October 13, 2016 “Reprinted” August 31, 2019 from WordPress
Last Chapter, there was a load assignment waiting and it was a good one. I pick up a load of meat in Sioux Falls South Dakota and deliver it to Stockton, California. Wyoming, Utah and Nevada are in between.
I am still starting my driving day just after midnight and it is working well. The roads are clear and the truck stops uncrowded when I arrive. The deadhead from Roberts Wisconsin goes smoothly. I made a 30 minute break in a rest area near Blue Earth Minnesota. At 4 AM it was eerily silent and empty. I have been puzzled about the origin of the name Blue Earth since I encountered it in 1973 while traveling to Minnesota to meet the family of my step mother. I cannot yet tell you where it comes from, since I cannot manage an internet connection from this dusty little town in Northern Nevada where I am writing.
(From Ripon, California) Blue Earth gets its name from the Blue Earth River that surrounds the town. The river was given the Native American name “Mahkota” (meaning Blue Earth) for the blue-black clay found in the river banks.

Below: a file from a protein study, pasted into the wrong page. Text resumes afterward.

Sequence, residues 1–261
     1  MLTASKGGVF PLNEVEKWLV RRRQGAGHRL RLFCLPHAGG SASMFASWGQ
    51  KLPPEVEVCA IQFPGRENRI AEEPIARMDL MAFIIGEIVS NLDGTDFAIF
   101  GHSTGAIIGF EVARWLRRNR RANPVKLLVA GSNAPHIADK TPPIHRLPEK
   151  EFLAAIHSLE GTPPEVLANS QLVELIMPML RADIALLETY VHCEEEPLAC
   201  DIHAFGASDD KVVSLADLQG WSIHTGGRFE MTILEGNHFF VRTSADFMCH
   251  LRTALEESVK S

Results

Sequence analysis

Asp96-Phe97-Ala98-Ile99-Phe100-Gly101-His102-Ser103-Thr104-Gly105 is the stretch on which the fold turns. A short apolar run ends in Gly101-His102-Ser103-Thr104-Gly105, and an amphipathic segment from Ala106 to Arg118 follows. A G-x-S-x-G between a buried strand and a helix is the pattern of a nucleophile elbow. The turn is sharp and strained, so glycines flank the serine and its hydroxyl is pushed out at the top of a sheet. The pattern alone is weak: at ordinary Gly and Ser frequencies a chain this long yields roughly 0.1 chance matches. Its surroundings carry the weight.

The stars are particularly bright and the Milky way is plainly visible when I can put the truck between me and the flood lights. The Astronomer in me is not yet lost, but he does not get much time on the field
Above: Orion is a constant of the winter sky. Go see it if you get a chance. The red star is Betelgeuse. The three stars down by the “x” are called Orion’s Sword”. There is a technique called “averted vision” which I will teach you now. Look at those three stars in Orion’s Sword. They will look like ordinary dim stars. Now look away just a little bit – about where the “x” is. Notice that the middle star will go “fuzzy” on you. That is the Orion Nebula. Averted vision works because the light detecting cells in your peripheral vision are more sensitive than in the direct line of view. Weird, but true.
I tried to grab photos by blindly clicking the camera at these majestic sights without taking my eyes off the road. This is a very inefficient process that produces a lot of reject pictures that are either blurry, full of dashboard reflections or just don’t live up to the scenery. For each one you see here, there are ten or more that don’t make the cut.
This state starts off as rolling hills of dry grassland and ends that way. Even after my vigorous culling, there is a beauty to which this picture still does not do justice.
There must be a better way to capture images. I am looking into a time-lapse dash camera. Recommendations?
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